George FitzGerald is a British DJ/producer whose raw sound blends jackin' Chicago house with UK bass influence. Hits include "Child", "I Can Tell (By The Way You Move)" and "Every Inch." His own imprint, Man Make Music, boasts releases from Trikk, Laszlo Dancehall (AKA Leon Vynehall and Christian Piers) and himself. Rush Plus play an extended set early, and One Love Massive's Feel the Love, Live returns to the Bar featuring Pinky KillaCorn, The Lucky So & Sos and Avervge.
Bar: One Love Massive pres. Feel the Love, Live (open mic)
The Lucky So & So's
It's a coming of age story. When Englishman-in-Berlin George FitzGerald first signed to Domino sister label Double Six at the start of 2013, he was full of optimism. He is part of a generation of artists and DJs who witnessed at first hand the early and experimental days of a uniquely 21st century sound – dubstep – and then saw it explode into the club mainstream, catapulting them to unimagined successes as it did. Along with friends and compatriots like Ben UFO, Joy Orbison, James Blake and Pearson Sound, FitzGerald had been schooled in the power of bass vibrations and sonic experimentation at the small, cult-like FWD>> club night in east London in the mid-2000s. This cadre then found themselves able to take these lessons, along with those of the Berlin techno explosion, to the world as the dizzying diversification and renaissance of club music post-dubstep took hold globally, rejuvenating traditional genres as they went.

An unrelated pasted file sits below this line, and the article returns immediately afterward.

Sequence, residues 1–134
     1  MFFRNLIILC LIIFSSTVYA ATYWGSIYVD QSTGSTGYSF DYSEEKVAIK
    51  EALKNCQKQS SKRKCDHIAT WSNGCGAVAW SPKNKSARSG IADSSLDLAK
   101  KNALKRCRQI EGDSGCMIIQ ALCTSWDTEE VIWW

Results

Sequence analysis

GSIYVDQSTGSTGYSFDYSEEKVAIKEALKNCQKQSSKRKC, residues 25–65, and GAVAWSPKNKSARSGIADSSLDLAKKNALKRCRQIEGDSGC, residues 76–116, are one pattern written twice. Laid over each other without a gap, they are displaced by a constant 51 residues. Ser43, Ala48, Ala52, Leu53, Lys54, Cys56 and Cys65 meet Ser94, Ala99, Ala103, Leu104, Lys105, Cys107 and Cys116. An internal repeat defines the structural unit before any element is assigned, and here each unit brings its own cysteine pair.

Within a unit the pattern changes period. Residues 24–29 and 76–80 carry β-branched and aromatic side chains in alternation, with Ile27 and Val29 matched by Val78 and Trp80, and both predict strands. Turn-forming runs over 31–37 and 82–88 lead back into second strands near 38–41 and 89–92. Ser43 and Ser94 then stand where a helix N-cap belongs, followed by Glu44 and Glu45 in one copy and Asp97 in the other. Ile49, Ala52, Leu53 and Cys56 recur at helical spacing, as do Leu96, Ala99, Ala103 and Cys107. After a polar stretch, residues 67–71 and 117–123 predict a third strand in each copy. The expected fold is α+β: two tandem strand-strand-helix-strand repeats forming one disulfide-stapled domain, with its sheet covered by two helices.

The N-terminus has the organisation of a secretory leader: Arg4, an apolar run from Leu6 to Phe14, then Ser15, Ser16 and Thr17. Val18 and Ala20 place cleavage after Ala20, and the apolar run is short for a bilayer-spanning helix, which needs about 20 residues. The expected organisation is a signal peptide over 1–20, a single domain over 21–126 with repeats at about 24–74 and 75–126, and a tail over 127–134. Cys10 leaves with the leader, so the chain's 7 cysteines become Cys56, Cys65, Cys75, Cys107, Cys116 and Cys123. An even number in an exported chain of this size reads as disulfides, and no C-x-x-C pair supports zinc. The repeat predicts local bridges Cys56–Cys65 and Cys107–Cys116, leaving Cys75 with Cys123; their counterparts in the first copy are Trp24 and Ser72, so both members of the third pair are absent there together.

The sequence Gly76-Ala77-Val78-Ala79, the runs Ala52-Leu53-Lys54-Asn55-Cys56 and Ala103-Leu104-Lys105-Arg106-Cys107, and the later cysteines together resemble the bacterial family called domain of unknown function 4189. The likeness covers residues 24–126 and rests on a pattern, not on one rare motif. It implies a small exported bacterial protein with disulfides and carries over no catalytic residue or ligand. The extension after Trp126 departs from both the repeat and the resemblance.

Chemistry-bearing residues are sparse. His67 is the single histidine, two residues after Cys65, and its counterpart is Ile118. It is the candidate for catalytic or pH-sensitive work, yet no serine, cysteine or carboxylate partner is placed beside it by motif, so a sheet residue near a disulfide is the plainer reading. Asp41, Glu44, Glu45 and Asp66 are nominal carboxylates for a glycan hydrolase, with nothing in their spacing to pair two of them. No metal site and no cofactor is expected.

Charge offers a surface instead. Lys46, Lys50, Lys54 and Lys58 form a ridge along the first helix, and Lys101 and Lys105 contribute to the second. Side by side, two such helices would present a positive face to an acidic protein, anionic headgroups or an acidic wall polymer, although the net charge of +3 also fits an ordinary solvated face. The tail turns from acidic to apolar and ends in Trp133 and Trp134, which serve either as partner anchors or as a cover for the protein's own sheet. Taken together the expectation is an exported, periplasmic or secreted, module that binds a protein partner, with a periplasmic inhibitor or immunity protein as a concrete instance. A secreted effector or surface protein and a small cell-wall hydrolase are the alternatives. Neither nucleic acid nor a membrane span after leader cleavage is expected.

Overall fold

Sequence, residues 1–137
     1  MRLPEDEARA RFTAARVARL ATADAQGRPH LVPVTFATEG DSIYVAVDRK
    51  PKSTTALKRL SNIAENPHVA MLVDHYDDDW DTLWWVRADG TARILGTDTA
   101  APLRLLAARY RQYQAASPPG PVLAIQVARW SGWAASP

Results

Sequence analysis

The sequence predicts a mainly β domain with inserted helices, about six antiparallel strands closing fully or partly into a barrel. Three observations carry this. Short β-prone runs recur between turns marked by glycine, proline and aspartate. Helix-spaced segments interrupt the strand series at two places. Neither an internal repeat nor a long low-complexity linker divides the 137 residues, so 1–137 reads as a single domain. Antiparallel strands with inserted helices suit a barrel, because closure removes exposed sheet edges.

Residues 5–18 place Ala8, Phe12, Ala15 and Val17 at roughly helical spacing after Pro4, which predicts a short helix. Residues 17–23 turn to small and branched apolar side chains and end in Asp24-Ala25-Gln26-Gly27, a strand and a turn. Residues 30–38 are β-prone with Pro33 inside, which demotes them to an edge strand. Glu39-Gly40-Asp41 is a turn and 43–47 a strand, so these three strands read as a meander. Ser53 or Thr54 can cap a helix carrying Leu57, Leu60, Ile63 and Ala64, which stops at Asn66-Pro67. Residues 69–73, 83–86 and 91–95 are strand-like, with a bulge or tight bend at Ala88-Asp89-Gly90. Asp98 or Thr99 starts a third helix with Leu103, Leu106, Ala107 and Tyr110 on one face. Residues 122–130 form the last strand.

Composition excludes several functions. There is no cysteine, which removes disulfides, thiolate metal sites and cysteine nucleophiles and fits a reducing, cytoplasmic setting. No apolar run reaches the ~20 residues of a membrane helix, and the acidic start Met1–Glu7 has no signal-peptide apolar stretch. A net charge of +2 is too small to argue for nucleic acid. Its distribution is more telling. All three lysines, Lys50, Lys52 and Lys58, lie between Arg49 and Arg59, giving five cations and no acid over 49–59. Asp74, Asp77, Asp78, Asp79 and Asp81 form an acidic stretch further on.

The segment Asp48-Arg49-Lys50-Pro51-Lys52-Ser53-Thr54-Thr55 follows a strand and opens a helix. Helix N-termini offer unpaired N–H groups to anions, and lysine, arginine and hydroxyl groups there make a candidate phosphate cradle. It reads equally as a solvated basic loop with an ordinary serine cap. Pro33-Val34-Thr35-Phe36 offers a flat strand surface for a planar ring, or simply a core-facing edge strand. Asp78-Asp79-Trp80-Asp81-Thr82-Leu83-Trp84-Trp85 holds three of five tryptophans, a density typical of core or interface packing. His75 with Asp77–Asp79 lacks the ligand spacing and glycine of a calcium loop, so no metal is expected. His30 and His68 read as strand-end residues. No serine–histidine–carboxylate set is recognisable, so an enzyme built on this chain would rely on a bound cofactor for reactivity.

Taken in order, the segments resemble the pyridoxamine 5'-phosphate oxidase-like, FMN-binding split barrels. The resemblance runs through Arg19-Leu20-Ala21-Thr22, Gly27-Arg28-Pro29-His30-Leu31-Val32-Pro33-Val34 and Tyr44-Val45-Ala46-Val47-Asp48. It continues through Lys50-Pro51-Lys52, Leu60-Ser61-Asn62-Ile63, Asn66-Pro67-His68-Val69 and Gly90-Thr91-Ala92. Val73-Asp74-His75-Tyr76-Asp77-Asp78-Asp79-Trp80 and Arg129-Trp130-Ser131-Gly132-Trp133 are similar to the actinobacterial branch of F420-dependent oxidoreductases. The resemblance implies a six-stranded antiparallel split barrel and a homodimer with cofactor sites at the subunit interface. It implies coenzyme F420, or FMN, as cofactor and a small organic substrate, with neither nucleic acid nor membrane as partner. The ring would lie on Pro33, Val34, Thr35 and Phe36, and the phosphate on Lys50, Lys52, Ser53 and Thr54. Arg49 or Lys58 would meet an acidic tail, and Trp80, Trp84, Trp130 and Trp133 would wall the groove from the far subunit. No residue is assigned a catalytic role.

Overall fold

The final piece in the musical puzzle that began his production career was a move to Berlin as part of his university languages course. Initially turned off by the rather decadent and washed-out “minimal” scene there, he eventually discovered the more visceral, deep-rooted techno of the notorious Berghain club which seemed to square with his experiences of dubstep and soon after got the patronage of fellow ex-pat Paul Rose aka Scuba – who would sign George to his Hot Flush label. Very quickly, in 2010, George threw aside his postgraduate studies deciding that “if I was going to do the music thing, I was going to do it properly, not just knock out a few tunes at night after I got in from studying and clubbing, but really make it work.”
For all the disappointments of club life, he has a renewed love of DJing - “I don't feel like I've got to showcase my own material any more – especially now my tracks have very little to do with the clubs – so I can really play exactly the kind of sets I want to!” Feeling bolstered by his experiments with song structures and vocals to look forward to a time when, like James Ford of Simian Mobile Disco, he might use his dance experiences to become a producer for other, more diverse artists. George FitzGerald really has come of age in the production of Fading Love, and – while perhaps not in the way he originally envisaged it when the strange process of making the record began – is still ready to take on the world.